The oldest democracy of the world – America, is one of the richest countries in the globe, having perhaps the best healthcare facilities and systems. All the latest drugs and diagnostics are also available there. Despite all these, there is a growing inequity in the cancer treatment in America too, with access to quality diagnosis and treatment for cancer patients becoming a major health, economic and political issue for the country.
‘Mayo Clinic Proceedings’ of August 2015, also expressed concern on the high prices of cancer drugs, which are affecting the care of cancer patients and eventually the American health care system.
The report does ring an alarm bell for high cancer care cost for many patients in America. The ‘Proceedings’ highlighted the following reasons, most of which are, quite interestingly, very similar to India:
- Cancer will affect 1 in 3 individuals over their lifetime.
- Recent trends in insurance coverage put a heavy financial burden on patients, with their out-of-pocket share increasing to 20 percent to 30 percent of the total cost.
- In 2014, all new US Food and Drug Administration (US FDA) approved cancer drugs were priced above US$ 120,000 per year of use.
- The average annual household gross income in the United States is about US$ 52,000.
- For a patient with cancer who needs one cancer drug that costs US$120,000 per year, the out-of-pocket expenses could be as high as US$25,000 to US$ 30,000 – more than half the average household income and possibly more than the median take-home pay for a year.
- Thus, cancer patients have to make difficult choices between spending their incomes and liquidating assets on potentially lifesaving therapies or foregoing treatment to provide for family necessities, such as, food, housing and education.
- This decision is even more critical for senior citizens who are more frequently affected by cancers and have lower incomes and limited assets.
- Because of costs, about 10 to 20 percent of patients with cancer do not take the prescribed treatment or compromise it. It is documented that the greater the out-of-pocket cost for oral cancer therapies, the lower the compliance. This is a structural disincentive for compliance with some of the most effective and transformative drugs in the history of cancer treatment.
- Given the rising incidence of cancer in the aging American population, high cancer drug prices will affect millions of Americans and their immediate families, often repeatedly.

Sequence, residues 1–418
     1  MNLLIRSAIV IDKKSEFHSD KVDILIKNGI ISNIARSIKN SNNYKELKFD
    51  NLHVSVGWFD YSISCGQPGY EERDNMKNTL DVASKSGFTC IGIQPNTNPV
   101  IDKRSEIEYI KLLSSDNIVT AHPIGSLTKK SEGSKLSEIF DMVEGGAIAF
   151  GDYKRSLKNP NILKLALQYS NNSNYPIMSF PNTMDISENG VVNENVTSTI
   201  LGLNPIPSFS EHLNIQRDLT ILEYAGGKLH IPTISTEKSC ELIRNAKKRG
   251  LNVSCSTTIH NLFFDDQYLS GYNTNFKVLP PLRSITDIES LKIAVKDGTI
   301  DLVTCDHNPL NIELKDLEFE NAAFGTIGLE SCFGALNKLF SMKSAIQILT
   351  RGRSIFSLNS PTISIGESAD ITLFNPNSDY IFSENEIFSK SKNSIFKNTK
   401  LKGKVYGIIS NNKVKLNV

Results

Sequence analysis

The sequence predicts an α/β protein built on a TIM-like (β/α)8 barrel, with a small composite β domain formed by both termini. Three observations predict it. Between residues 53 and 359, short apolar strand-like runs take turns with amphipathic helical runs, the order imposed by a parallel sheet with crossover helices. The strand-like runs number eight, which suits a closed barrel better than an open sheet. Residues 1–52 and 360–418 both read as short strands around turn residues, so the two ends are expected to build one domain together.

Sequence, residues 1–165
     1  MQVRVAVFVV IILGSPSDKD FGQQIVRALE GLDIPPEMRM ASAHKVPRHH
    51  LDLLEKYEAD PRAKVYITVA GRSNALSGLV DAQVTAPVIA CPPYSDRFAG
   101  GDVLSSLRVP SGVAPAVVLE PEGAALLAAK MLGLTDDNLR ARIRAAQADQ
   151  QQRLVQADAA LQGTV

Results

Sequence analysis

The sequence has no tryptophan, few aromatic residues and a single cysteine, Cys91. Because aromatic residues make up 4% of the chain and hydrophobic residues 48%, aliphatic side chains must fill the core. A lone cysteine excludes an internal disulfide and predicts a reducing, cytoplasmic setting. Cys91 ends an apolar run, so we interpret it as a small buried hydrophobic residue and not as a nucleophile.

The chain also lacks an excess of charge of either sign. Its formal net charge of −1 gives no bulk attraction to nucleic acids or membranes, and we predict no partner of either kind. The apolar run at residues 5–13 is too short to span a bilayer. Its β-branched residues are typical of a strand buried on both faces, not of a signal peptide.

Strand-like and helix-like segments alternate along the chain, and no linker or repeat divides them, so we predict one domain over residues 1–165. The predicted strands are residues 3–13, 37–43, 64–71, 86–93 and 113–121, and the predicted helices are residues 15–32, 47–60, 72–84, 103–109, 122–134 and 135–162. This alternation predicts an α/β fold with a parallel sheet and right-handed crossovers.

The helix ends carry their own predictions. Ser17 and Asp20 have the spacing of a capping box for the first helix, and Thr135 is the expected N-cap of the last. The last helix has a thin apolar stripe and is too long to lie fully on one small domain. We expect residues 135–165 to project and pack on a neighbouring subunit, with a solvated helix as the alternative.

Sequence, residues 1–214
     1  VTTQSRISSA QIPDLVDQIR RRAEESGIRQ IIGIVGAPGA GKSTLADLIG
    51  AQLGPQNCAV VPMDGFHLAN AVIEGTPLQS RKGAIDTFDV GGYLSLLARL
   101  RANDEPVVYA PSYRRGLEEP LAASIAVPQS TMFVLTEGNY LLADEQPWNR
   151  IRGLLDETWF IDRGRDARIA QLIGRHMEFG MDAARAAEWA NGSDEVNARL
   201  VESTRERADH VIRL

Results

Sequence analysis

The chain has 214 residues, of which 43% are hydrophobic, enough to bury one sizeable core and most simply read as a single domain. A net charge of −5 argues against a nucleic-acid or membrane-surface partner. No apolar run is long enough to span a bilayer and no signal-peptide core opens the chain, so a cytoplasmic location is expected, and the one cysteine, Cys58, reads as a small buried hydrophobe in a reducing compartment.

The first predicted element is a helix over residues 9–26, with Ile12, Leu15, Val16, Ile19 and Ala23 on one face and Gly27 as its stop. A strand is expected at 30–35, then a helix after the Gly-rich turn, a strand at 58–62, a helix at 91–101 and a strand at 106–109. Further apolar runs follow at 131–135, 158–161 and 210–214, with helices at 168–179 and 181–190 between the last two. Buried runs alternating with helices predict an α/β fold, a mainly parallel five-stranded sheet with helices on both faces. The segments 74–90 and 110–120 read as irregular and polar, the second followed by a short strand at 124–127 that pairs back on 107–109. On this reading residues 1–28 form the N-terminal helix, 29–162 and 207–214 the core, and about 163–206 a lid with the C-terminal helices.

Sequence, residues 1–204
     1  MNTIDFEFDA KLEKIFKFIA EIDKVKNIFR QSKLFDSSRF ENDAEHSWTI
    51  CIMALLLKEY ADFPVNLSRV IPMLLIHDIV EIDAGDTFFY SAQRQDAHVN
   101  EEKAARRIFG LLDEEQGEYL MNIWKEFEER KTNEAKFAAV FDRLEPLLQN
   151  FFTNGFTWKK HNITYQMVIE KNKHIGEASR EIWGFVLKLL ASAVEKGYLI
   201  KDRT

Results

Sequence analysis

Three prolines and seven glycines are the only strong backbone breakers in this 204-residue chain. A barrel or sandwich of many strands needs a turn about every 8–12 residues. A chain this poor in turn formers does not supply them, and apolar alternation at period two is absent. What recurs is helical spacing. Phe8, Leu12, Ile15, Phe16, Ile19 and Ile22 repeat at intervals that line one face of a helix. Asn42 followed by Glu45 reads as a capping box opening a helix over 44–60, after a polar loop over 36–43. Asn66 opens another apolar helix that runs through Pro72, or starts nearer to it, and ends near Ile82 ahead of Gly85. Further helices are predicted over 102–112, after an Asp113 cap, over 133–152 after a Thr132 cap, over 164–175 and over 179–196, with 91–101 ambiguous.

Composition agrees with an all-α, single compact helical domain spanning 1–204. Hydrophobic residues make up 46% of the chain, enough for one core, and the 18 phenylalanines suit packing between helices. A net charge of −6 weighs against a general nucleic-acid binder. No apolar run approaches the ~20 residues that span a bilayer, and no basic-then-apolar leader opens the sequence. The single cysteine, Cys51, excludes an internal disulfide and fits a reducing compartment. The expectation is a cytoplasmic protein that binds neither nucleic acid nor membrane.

General public wants the US Government to act:
‘The Mayo Clinic Proceedings’ findings were vindicated by the October 2015 Kaiser Health Tracking poll, which reported, 76 percent of the public believes that a top priority for the American president and Congress should be making high-cost drugs for chronic conditions affordable. Yet another Kaiser poll found 72 percent of Americans believe drug costs are unreasonable and 74 percent think that pharma companies, in general, care more about profits than people.
General public expectations and belief do not seem to be any different in India too.
I reckon, due to similar reasons in most countries of the world, an urgent action is required from the respective Governments to make cancer diagnosis and treatment affordable to all, sooner than later.
Different responses to the same problem:
Let me reiterate here again, that I am comparing India with America on this issue, not for any other reason, but just to give an example and a feel of how much the promised political intent, made for the benefit of the general population of the country, gets translated into reality in the world’s oldest democracy, as compared to the world’s largest democracy.
In India, despite high sound bytes emanating from various leaders of the principal party in power today, the fragile public healthcare system is still gasping for breath, starved by grossly inadequate resource allocations. This gets reflected on the details of national and state budgetary allocations for healthcare in India.
The delay in finalizing and then putting in place for implementation of the “National Health Policy”, which proposed making health a fundamental right and denial of health an offense, also seems to be of low priority for the national Government, at present. If so, this will indeed be quite contrary to its earlier firm promises on improving healthcare in India.
In the United States, as well, similar promises were made by senior politicians during the last national election campaign. The Presidential candidate for the party, which is now in power, created as much hype with matching sound bytes for healthcare reform in America, while seeking votes.
However, the sharp difference between the two similar situations is, having come to power on November 4, 2008 President Barack Obama, fulfilled his promise with a path breaking healthcare reform in his country. On March 23, 2010 he signed into law the ‘Affordable care Act’. It’s a different matter though, like most political decisions, this one also faced its own share of criticism from the American opposition.
Zeroing in specifically to address the agony of cancer patients in America, President Obama has recently initiated a ‘National Mission’ in this area. He has asked his Vice-President Joe Biden to spearhead this mission and get it done expeditiously. Biden enthusiastically accepted to lead this noble ‘National mission’ for mankind and termed it ‘A Moonshot for Cancer Cure’. The White House also announced a resource commitment of US$1 billion on this effort over the next two years.